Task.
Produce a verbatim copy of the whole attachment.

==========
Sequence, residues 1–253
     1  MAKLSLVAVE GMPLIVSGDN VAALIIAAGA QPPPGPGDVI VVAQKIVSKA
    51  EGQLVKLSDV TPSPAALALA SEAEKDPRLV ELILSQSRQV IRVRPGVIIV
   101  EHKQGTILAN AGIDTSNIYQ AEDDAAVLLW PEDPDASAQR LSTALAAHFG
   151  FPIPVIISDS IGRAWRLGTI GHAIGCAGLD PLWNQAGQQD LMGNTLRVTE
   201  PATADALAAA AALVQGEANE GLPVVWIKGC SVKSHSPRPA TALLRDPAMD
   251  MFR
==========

Sequence, residues 1–253
     1  MAKLSLVAVE GMPLIVSGDN VAALIIAAGA QPPPGPGDVI VVAQKIVSKA
    51  EGQLVKLSDV TPSPAALALA SEAEKDPRLV ELILSQSRQV IRVRPGVIIV
   101  EHKQGTILAN AGIDTSNIYQ AEDDAAVLLW PEDPDASAQR LSTALAAHFG
   151  FPIPVIISDS IGRAWRLGTI GHAIGCAGLD PLWNQAGQQD LMGNTLRVTE
   201  PATADALAAA AALVQGEANE GLPVVWIKGC SVKSHSPRPA TALLRDPAMD
   251  MFR